Middleton Made Knives owner Quintin Middleton needed his wife Kendra when he was fired from an industrial mechanical job in 2012. Kendra stood by his side as she does today, a crucial player in the Saint Stephen-based company delivering handcrafted kitchen cutlery to chefs and home cooks all over the country.
“If it wasn’t for her sacrifice in the beginning or belief in me from the start, I wouldn’t be here now,” Quintin said. “At the time, I didn’t know if it was going to be a sustainable career — it was a leap of faith, really, and my wife gave me the OK to chase that dream.”
Quintin and Kendra met in high school in band class — he played the trombone, she played the clarinet. According to Quintin, they became close after Kendra was involved in a car accident, and they eventually started a relationship after high school. In 2007, the couple were married in Quintin’s hometown of Alvin, South Carolina, at Bethlehem Baptist Church. This Valentine’s Day marks the 18th they’ve shared together as a couple.
When he was fired from his job in 2012, Quintin attempted to make ends meet doing maintenance for the city of Saint Stephen, until Kendra told him to stay at home and focus on making knives while she went back to work.
“It was 2012; I had already started Middleton Made Knives, but more as a side hobby,” Quintin said. “To have me work just to put my children in daycare, that didn’t make sense to me. It was a helpless moment. She came home one day, and she said, ‘I got your back, Quintin, you try to do this knife thing full time, and I’ll support you every step of the way.’”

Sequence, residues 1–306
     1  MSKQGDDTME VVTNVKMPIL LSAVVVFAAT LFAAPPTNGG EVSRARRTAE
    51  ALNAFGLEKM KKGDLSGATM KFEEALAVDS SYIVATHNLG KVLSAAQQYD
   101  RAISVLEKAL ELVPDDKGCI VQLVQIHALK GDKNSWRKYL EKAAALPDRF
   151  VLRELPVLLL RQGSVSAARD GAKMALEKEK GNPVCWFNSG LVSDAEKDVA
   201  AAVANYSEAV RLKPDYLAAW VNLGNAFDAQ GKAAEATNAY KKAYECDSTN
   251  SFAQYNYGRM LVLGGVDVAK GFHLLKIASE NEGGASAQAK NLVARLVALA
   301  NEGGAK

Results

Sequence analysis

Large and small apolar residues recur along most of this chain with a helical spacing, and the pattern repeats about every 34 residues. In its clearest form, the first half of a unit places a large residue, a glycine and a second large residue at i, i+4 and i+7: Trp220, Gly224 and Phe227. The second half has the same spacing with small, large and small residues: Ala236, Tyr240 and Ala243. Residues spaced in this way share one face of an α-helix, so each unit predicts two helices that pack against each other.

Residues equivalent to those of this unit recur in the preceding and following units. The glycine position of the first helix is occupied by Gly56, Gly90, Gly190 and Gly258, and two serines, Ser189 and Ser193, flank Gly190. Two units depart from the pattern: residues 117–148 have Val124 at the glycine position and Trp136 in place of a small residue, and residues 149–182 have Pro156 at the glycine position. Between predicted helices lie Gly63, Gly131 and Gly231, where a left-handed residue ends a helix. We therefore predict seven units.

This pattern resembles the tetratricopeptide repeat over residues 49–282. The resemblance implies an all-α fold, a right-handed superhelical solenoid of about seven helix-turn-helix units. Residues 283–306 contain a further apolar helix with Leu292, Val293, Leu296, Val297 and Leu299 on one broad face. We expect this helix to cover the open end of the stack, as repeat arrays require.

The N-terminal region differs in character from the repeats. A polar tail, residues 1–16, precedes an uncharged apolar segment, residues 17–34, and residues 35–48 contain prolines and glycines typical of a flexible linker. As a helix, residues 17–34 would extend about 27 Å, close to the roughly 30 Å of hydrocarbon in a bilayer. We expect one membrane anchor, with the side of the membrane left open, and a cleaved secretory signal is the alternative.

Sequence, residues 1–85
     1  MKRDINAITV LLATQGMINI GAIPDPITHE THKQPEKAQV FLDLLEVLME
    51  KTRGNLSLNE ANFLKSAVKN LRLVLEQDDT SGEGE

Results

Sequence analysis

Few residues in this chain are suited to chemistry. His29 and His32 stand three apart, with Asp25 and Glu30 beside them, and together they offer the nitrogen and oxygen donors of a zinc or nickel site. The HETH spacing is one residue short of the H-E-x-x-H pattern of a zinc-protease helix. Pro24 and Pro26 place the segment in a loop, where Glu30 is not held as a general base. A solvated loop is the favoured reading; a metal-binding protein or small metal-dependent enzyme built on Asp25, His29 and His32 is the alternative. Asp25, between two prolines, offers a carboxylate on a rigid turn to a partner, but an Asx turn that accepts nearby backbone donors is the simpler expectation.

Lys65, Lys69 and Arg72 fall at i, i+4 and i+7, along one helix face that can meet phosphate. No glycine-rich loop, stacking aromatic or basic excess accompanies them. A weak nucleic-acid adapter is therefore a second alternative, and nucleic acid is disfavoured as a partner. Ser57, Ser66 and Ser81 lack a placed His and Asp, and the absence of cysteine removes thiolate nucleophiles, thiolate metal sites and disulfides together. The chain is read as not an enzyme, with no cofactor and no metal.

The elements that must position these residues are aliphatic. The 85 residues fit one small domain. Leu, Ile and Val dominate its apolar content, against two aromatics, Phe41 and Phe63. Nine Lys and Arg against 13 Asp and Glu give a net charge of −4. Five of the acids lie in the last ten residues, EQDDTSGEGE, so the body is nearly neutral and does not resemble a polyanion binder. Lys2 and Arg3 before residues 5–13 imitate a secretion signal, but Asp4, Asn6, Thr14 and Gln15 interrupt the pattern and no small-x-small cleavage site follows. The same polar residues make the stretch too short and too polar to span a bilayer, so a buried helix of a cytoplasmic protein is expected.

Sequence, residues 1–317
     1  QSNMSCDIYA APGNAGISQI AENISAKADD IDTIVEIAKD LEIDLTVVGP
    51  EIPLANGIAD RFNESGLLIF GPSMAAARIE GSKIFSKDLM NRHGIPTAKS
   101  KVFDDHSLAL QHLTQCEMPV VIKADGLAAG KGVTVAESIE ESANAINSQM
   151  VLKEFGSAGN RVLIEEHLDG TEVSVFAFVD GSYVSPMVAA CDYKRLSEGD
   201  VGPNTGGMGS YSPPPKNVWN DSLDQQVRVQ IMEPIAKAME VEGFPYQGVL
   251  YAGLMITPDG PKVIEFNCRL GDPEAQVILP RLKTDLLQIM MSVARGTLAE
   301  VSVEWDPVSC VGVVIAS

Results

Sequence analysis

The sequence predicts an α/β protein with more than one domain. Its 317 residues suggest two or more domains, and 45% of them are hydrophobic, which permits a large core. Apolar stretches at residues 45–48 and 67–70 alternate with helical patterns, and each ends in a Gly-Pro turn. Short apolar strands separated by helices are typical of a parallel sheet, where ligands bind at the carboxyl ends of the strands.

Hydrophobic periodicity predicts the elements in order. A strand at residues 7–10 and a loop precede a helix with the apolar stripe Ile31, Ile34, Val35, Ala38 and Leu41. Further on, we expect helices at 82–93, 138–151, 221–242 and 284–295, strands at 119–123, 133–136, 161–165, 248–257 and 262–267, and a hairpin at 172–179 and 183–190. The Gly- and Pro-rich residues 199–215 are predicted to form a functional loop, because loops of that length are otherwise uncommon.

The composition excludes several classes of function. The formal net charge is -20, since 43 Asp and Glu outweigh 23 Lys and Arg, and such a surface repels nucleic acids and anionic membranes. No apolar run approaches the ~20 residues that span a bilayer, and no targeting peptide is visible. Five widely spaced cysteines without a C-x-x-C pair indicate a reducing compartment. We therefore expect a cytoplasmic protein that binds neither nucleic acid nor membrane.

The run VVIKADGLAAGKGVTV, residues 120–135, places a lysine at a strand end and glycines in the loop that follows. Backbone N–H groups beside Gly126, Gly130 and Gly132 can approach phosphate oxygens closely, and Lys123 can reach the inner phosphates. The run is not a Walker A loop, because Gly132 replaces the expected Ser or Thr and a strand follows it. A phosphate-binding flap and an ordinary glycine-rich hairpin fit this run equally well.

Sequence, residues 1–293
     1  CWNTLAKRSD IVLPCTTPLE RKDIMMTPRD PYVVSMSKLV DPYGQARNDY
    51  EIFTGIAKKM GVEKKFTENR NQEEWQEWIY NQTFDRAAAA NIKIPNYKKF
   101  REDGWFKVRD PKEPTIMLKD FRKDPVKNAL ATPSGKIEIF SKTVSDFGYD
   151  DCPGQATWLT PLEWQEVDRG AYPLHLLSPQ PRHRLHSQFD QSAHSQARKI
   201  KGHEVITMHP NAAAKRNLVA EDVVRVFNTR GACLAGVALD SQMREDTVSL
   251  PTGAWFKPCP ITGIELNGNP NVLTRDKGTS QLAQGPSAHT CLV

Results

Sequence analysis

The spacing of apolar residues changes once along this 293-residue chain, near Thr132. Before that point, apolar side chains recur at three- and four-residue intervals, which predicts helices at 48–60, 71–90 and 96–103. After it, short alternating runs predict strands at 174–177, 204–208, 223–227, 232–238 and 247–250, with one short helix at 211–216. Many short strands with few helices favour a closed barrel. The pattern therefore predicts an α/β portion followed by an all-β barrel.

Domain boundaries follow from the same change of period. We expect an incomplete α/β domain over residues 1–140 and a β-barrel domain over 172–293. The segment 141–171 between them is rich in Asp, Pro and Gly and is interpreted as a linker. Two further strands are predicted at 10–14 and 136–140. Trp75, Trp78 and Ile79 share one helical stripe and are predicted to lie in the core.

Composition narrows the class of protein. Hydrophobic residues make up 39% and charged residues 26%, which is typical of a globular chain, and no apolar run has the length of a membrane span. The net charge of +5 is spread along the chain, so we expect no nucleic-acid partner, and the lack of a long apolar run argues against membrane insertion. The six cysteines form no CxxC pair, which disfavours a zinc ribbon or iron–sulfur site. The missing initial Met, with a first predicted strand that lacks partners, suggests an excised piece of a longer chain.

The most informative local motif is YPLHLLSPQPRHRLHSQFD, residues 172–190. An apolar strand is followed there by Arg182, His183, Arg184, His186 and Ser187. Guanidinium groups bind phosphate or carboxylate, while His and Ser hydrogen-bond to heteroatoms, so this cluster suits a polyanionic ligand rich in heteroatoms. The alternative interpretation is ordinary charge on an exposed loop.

Nearly a decade later, Middleton is a renowned bladesmith whose handcrafted knives have earned him praise from chefs like Sean Brock and Emeril Lagasse. He’s hired three employees to assist him in his 1,000-square-foot facility, recently launched a more affordable knife series catered to line cooks and hopes to expand production soon. But, none of it would be possible without Kendra, Quintin said.
“Kendra makes sure I’m on track with all of the orders and when they need to be shipped,” he said. “For the events, she handles all of the transactions and makes sure the event runs smoothly. I’m the maker, and she’s the one who makes sure I’m on task —I couldn’t do it without her.”